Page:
These three young women represent hundreds of young activists working in different contexts in groups like Fridays for Future or Extinction Rebellion, who have found innovative ways to address state leaders and UN representatives while reaching wide transnational audiences through traditional mass media as well as through social networks like Twitter, Instagram, TikTok and Youtube – a challenge which has been met by a number of green influencers belonging to different age groups. Taking advantage of the media attention towards COP26, Z-generation climate change activists have inspired and involved in the debate famous people, such as former US President Barack Obama, who was criticised via Twitter by Nakate for failing to deliver on promises concerning climate finance during his mandate, or world-famous documentarist Sir David Attenborough who, together with YouTube star Jack Harries, realised a number of videos for raising awareness about climate change and its negative impacts on wildlife and fragile ecosystems before addressing world leaders in Glasgow, or Hollywood star (and WFP ambassador) Idris Elba, who served as megaphone to Nakate’s pledges to include African voices and paying attention to the problem of food security within the climate change debates. The nexus between intersectional discrimination and climate change has been highlighted by several activists in Glasgow – notably, Leah Thomas – and it has been examined also by Xiye Bastida, who denounced that activists belonging to indigenous peoples (she belongs to the Otomi-Toltec indigenous people, based in Mexico) were denied the opportunity of going to Glasgow because of the long quarantine measures and high visa costs.
Some leaders of the youth climate change movement criticised state leaders and COP26’s organisers for the instrumental use of the climate change issue to divert national and international public opinion’s attention from their inability and lack of political will to address the issue effectively and systematically. While Thunberg said that the event “turned into a greenwash campaign”, other activists spoke of youth-washing, a deliberate strategy of governments and companies to use young activists as tokens to improve their public images, while young people’s requests keep being disregarded by the negotiators. Young activists’ claims to have been instrumentally included in the discussion without any meaningful possibility of actually influencing it seem to suggest that several forms of epistemic injustice, such as epistemic exploitation and epistemic appropriation, might characterise the COP26 discursive arena.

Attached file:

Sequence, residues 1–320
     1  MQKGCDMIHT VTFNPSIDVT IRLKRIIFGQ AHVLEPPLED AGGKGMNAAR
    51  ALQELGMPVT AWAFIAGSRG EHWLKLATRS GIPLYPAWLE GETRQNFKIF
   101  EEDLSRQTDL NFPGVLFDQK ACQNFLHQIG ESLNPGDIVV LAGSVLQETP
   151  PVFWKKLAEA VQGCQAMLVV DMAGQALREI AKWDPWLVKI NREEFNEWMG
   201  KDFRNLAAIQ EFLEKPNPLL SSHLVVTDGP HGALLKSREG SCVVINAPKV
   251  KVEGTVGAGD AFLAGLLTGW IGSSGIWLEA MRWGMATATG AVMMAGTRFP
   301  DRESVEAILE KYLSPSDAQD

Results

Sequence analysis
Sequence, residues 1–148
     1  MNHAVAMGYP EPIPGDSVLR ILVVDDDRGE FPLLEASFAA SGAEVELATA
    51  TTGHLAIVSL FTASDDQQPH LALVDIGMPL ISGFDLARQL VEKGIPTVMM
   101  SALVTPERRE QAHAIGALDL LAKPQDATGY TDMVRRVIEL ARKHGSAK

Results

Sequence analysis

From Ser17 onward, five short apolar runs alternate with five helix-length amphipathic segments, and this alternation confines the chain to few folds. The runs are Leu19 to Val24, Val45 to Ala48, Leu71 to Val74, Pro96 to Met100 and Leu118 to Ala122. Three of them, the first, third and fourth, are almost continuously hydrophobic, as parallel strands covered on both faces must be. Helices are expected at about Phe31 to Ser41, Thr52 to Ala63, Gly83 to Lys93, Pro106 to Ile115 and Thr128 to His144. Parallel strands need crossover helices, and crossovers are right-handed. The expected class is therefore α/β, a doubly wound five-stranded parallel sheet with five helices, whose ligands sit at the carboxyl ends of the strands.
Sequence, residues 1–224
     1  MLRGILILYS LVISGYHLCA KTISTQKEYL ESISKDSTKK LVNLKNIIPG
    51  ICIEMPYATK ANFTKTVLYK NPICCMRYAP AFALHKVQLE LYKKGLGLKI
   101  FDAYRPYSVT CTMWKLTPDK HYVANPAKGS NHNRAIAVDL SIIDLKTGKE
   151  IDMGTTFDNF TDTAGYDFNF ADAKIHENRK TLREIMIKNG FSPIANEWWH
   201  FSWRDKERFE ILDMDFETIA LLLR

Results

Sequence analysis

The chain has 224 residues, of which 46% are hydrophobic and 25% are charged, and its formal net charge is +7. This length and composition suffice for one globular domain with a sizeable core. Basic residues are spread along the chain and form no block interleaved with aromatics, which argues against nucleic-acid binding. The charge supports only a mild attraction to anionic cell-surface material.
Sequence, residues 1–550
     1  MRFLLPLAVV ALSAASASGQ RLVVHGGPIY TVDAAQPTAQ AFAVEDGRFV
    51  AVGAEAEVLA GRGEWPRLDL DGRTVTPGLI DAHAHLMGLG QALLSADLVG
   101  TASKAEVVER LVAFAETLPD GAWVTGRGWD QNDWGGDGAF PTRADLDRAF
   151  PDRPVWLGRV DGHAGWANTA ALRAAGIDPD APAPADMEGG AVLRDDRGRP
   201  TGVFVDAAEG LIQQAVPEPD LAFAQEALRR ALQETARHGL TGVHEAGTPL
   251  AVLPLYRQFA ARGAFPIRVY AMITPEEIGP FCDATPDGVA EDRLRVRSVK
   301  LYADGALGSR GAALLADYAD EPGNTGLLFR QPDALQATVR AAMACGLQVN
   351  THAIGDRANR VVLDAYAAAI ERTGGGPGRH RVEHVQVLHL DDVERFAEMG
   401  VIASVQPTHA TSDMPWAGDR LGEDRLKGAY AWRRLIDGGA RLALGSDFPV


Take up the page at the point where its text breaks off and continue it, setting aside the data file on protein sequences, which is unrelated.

To conclude, another feature of the public debate about the COP26 that is worth noticing is that the spread of misinformation on the facts and figures of climate change, especially via social networks such as Facebook, is a worrisome phenomenon: it can undermine the public’s knowledge and acceptance of climate change as an urgent problem and therefore reduce the willingness of citizens to support and request brave policies. The diffusion of fake news and memes aimed at ridiculing advocates of proactive policies to contrast climate change while reinforcing negative stereotypes associated to their gender, age, nationality, level of education or disability can signal an attempt at silencing those vulnerable groups and individuals who will suffer more from the impact of climate change, turning the COP26 discursive arena and the discussions on climate change into a hypocritical “blah blah blah”.
 The term phygital refers to an integrated ecosystem where physical and digital are two forms of the same experience, where a single fluid transition allows continuous interaction between real and digital, human and machine. Similarly to the concept of onlife proposed by Luciano Floridi, the term aims at grasping the complexity of technology-enabled and technology-mediated interactions which characterises our present human condition.